Friday, December 13, 2013

Reader Top Ten Greatest Toys From Childhood: Duanne Walton

My friend, and regular reader Duanne Walton presents a list of one type and brand of toy.  And it’s a great list of one, as you’ll see:

“This isn't a top ten list because there's only one answer for me - and not subject to change. 
Star Wars action figures.

I didn't even get into Star Wars when it first came out. My taste in Sci-Fi was very selective. If some unusually large creature didn't cause large amounts of property damage, I had no interest. 

But C-3PO did catch my interest. A golden robot that spoke with an English accent? What a concept! I saw his figure in the store and my folks got him for me. I remember the time I had unsticking his arms and legs so they could move. I was scared I'd break them off! 

Of course I figured he'd need his little buddy to keep him company. And then, I figured I needed the Jawa to keep them both in line. 

At this time, I read the Star Wars Storybook and became hooked. Now I had to have everything! I started collecting in earnest. I got the Death Star for Christmas and moved all my figures in. Of course, I eventually used all the pegs that held the figures in place, so I put everyone where I could. The Death Star became quite crowded. 

I started having my own Star Wars adventures. Of course, they were nowhere near the level of the movies. Mostly, the plots consisted of rescuing someone from Darth Vader, rescuing Han from the Cantina gang (as I dubbed the four aliens) or the bounty hunters. The trash compactor regularly overflowed and the trash monster got loose.

It became clear that I'd never get every toy that Kenner came out with (my parents never ceased to remind me), so I focused on the action figures. I eventually stopped my adventures with them and just focused on collecting them. I got the original collector's cases and two Darth Vader collector's cases and placed them all in them. I occasionally displayed them at the Morris (Illinois) Library, much to the delight of the kids. One guy offered me a lousy fifty dollars for them, and I declined. 

No other action figure line held my interest. But when no new Star Wars figures were in, I'd read the files on the backs of the G.I. Joe figures. That appealed to me: giving them names and backstories. I did end up buying Destro. I only got figures from other lines if the characters appealed to me.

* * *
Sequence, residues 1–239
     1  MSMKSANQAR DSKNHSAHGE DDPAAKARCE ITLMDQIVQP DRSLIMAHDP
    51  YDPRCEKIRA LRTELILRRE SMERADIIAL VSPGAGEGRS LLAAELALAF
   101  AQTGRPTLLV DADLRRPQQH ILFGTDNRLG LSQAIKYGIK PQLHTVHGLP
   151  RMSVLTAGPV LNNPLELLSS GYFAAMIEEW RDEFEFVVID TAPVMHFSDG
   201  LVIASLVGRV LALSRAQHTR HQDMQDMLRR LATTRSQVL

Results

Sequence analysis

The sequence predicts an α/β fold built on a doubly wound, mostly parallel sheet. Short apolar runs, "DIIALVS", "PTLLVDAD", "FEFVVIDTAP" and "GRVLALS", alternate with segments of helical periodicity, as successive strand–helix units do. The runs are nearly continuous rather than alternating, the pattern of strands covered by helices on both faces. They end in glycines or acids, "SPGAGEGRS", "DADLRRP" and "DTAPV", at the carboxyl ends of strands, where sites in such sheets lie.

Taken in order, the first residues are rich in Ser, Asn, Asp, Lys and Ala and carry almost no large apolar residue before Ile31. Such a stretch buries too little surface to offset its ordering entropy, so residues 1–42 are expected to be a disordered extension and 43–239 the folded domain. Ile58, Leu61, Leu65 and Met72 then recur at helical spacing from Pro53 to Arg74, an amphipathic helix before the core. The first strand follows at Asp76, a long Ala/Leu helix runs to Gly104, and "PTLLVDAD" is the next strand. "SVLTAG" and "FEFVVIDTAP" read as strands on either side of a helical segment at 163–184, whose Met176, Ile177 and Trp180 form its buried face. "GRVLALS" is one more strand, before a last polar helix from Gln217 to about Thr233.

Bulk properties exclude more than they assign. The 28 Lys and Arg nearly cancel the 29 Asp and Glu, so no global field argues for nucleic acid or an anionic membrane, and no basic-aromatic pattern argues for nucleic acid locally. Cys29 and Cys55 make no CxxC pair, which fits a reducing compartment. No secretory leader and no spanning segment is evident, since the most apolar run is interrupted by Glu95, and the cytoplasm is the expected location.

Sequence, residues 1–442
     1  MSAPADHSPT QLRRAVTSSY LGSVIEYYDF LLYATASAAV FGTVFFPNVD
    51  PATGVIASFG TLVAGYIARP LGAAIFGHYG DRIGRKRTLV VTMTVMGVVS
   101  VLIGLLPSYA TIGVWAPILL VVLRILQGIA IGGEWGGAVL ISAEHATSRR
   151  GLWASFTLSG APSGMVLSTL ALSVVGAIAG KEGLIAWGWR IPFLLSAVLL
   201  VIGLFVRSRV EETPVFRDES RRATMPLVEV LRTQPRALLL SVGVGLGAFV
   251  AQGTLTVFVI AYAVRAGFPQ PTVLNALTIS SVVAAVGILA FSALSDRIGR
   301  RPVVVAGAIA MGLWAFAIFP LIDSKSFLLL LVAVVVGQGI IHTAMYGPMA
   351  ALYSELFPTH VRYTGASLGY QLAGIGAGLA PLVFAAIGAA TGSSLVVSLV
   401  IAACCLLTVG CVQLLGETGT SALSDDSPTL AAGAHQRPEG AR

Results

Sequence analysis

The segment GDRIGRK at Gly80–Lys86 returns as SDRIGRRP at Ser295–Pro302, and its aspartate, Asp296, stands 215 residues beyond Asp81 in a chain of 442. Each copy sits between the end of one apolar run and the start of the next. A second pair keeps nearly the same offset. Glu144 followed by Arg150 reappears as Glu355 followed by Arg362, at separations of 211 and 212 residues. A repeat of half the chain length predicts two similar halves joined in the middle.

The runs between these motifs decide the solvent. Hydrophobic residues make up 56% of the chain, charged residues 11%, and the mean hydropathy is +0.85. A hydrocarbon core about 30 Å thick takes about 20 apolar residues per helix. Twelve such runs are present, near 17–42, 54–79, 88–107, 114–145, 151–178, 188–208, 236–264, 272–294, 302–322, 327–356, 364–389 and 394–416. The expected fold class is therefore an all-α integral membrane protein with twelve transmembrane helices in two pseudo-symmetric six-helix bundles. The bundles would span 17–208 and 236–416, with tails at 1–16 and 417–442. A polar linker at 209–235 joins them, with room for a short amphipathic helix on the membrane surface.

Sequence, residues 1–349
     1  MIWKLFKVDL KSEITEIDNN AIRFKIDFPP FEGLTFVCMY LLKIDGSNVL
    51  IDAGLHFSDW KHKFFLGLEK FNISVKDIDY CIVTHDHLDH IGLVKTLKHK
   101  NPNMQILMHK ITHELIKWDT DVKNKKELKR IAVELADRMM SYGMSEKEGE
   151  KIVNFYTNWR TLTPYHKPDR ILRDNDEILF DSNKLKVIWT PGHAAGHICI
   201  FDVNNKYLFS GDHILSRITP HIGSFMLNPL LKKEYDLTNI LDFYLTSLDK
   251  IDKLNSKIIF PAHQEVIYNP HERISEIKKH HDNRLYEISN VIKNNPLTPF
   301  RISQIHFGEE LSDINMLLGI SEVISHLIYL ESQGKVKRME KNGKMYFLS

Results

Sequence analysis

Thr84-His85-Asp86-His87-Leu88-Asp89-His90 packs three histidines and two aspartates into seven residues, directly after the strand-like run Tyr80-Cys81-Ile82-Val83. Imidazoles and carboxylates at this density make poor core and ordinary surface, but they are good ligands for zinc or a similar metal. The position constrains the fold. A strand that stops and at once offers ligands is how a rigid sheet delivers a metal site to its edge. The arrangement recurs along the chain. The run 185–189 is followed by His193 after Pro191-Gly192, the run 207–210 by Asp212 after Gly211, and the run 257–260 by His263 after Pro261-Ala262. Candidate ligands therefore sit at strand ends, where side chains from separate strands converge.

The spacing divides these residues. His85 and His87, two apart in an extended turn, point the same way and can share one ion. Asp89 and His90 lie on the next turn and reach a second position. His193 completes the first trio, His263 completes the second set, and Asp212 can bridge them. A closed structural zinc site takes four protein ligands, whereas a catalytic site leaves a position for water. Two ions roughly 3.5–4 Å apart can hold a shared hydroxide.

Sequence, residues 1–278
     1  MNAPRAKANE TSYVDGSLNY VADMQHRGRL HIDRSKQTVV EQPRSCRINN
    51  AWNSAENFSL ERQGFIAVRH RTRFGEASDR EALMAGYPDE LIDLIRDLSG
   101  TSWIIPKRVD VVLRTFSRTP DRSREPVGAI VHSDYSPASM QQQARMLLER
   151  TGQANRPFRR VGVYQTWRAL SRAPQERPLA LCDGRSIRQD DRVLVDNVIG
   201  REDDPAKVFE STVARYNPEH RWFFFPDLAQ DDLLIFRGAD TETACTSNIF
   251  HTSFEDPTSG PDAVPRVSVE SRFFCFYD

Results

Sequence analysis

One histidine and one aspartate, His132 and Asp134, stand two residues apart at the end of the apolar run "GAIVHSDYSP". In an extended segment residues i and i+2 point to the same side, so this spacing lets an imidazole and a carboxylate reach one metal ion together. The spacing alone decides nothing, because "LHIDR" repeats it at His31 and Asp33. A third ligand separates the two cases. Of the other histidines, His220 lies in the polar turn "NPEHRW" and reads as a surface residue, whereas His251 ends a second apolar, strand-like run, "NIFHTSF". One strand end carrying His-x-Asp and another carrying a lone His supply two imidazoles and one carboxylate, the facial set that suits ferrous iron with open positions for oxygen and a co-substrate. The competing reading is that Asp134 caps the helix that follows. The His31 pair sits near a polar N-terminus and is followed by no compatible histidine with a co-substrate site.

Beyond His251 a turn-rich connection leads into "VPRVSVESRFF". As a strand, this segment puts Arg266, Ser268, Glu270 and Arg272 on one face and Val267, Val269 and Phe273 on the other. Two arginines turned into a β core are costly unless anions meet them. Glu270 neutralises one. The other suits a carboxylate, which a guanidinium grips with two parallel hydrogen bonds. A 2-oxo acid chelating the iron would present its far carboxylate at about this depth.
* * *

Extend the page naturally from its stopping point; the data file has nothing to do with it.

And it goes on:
The line finally did run its' course. I collected all of them except for three: the original Snaggletooth (the tall one in the blue suit), Luke as a Stormtrooper (from the first movie, coming out in the last wave of figures), and Yak Face (Who was never released in the U.S.). I put them away, only taking them out for the occasional library display. But I knew they'd be worth a lot. 

Two decades and several hard knocks later found me spending most of the summer of 2005 unemployed. I had to sell my collection sooner than I expected. Most dealers were unprepared to see a nearly complete collection in such good condition - and most were unprepared to buy them. 
Finally, a collectibles store in Chicago bought half of them for less than their worth (that's the first thing I was told: you will almost never get what the price guides say they're worth). The rest I sold to a lady at an antique mall. It felt very strange having to sell them, like I was losing a large chunk of my life. I do wonder sometimes where they ended up and if they've been as well cared for as when I had them. 
I've only collected two other action figure lines as closely: Batman the Animated Series and Doctor Who. But I'll always remember where it started: not so long ago, in a galaxy not so far away.

Duanne: I loved reading your reminiscences about Star Wars action figures, and how your love for them developed and grew over time.  I suspect that many kids of our generation could tell a love story that is similar in nature. 

I remember in the early days, when not all the playsets were available yet, I had a land speeder, the Cantina Aliens, and a few other figures.  So my “game” became the adventures of Sheriff Snaggletooth and Deputy Hammerhead at Mos Eisley.  It sounds silly, I’m sure, but I loved playing that game, and having Snaggletooth arrest Greedo and Walrus Man (the bad guys).

I’m sorry to hear about the necessity of selling your collection.  I have had spells where I too needed to sell some toys, and as I’ve written before, I intend to divest myself of large chunks of my collection soon, to help save for retirement.

Great memories, Duanne.  I really enjoyed reading this.

1 comment:

  1. Thank you so much for the kind words, john. I enjoyed writing and sharing my experiences.

    One memory I forgot to add: I wanted to try my hand at stop motion filming using our movie camera (you can blame Ray Harryhausen for that!), but Dad wouldn't allow me to waste film on my "stupid toys." I found out years later that we had the wrong type of film camera for it anyway.

    The Adventures of Sheriff Snaggletooth and Deputy Hammerhead? Sounds like it would make a great spin-off.


Shatner Week: Star Trek V: The Final Frontier (1989)

One of the most oft-requested reviews on this blog, -- before my original post back in the day -- was  Star Trek V: The Final Frontier  ...